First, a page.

I stayed up until wayyyyy late updating my blog, the day before I left for Barcelona. I thought it would be a cool thing to do – write about things as and when they happened. And then my holiday got crazy busy.
And at some point, when I got some time off, I had a little comment from @unrudhshastry about the little mistake I made about the MontMartre and the church. And then, I thought I’d wait until I had time, to write the posts.
I know I could have had more fun in Barcelona. I was with two girly girls who couldn’t stop bitching about work and gushing about their boyfriends – the latter was fairly enjoyable. They sunbathed on the beaches of Barcelona (Bogatell on the first day, Barceloneta on the second) in their bikinis and I sat around in shorts and a swimsuit because the beaches had too many people and I can be body shy a lot of times.
I would’ve loved to be there with someone like S. Because Barca is the kind of city you’d want to be at, with your best friend. Therefore, I spent a hundred and forty euro buying two Barca jerseys for two people, him and K. And I hope that some day, we can do this.
The evening we landed, we dined at a place called Cal Pep – it’s a favourite among the locals. They queue up at 7:15 pm because the first orders start at 7:30 pm. We got there at about 7:45 pm. We were told it’d be 20 minutes before we could get seats at the bar. We waited sixty.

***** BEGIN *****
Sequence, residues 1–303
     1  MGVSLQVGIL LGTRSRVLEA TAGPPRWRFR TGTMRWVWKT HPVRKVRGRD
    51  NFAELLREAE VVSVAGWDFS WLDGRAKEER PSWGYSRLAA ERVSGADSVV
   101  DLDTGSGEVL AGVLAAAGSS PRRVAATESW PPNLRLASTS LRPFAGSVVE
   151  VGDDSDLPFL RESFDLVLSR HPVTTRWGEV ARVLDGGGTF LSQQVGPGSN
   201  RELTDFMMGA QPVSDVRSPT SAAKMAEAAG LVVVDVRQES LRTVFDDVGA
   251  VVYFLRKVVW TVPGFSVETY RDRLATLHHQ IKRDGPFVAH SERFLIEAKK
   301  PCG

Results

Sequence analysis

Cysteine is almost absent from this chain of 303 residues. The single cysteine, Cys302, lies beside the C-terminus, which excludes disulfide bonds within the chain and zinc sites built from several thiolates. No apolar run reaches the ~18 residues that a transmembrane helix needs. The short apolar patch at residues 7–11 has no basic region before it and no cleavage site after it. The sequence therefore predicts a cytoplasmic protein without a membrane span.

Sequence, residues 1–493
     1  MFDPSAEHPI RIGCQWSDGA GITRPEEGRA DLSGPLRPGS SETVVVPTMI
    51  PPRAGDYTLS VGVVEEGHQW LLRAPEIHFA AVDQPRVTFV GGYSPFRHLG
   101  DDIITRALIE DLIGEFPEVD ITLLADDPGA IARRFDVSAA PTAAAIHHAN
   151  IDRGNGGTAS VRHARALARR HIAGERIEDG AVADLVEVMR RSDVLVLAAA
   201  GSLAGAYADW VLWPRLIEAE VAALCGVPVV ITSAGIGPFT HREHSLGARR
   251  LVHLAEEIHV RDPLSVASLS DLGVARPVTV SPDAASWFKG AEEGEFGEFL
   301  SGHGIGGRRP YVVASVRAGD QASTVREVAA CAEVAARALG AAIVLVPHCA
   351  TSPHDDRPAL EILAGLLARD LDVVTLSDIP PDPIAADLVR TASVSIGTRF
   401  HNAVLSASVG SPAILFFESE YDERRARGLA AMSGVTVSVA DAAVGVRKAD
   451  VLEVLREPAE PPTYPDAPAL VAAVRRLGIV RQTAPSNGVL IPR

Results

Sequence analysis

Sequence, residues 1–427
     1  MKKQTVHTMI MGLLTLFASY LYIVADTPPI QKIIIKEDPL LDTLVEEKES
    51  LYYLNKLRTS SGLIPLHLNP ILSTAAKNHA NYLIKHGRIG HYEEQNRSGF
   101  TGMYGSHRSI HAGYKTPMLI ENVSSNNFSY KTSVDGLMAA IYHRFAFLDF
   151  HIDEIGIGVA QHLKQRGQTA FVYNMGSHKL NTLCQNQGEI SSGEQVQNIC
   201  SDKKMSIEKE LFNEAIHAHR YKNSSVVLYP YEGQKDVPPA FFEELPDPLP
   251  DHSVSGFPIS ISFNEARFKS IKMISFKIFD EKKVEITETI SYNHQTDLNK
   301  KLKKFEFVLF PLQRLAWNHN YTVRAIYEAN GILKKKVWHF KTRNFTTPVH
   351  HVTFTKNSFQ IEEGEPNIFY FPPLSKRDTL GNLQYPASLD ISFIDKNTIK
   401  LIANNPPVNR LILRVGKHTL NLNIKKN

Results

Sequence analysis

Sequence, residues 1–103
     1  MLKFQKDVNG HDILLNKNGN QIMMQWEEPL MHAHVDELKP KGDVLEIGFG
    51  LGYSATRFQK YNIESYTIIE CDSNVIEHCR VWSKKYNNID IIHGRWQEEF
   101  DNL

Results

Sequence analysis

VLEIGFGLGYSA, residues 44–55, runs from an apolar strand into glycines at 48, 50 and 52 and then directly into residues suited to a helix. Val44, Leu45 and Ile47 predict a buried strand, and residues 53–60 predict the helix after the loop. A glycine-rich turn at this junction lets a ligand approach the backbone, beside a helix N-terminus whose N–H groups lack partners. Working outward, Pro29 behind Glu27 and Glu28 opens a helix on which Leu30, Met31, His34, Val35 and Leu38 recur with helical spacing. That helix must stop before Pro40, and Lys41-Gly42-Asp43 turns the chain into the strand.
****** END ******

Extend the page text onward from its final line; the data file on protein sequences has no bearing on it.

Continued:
We settled down and Xavier, the main man behind the bar asked us what we wanted. We asked if we could have a menu. He said no. *awkward* And then he asked if he could recommend food for the evening.
Next question: All meat ok? Pork? Sea food? Beef?
Next: Five tapas or six?
Next: To drink? Wine?
Red or white? Red, please.
Ok. Wait for your little surprise then. The girls are nervous.
First up, batter fried fish. Crisp and salty and just what one might need to start a dinner like this. Most tapas bars in Barcelona serve pan con tomato too – fresh bageuttes sliced in half, toasted just a little, and smeared with juice from fresh, ripe tomatoes and drizzled with olive oil.
The wine was a local red wine from what seems like a place called Calificada. It was called Unarge, if I remember correctly. I’m a sucker for red wines. And it’s not like I know them very well, but I seem to like Cabernets. This was bliss. Next up, in the food, was mussels, served in a very simple herb and garlic sauce (that I eventually figured was a very Catalunian recipe) and bits of bacon. The bacon and olive oil and herbs and garlic made some muy delicioso dipping sauce for our bread.
Third was a mix of clams and fried squid. What Xavier brought for us next was so dangerously good, I was glad I didn’t have an interesting boy around me that evening. It looked like a big, fat pancake. It was made with mashed potatoes, a ton (and I mean it) of garlic and bits of bacon. And now you know why I said the bit about it being dangerous and the bit about the boy, right? I guess there’s something about saving the best for last because he brought us some fish he had just pulled out of the oven. The fish, it was merlan, I think, was cooked with whole cloves of garlic which had been browned to perfection in the oven, some fairly hot dried red chilli peppers and the magic herb sauce.
Dessert was an eclair followed by a creme brûlée kind of something, both of which were so indulgent, I wish I’d stopped at just dinner to savour every element of those five tapas we had ordered.
We shelled out a good 120 euro for the meal – very expensive, but worth every cent I paid. Of course, we left the man a nice tip and swore we’d come back the next time we were in the city. With our first meal at Barcelona being par excellence, we had already set the bar for what people served us that weekend.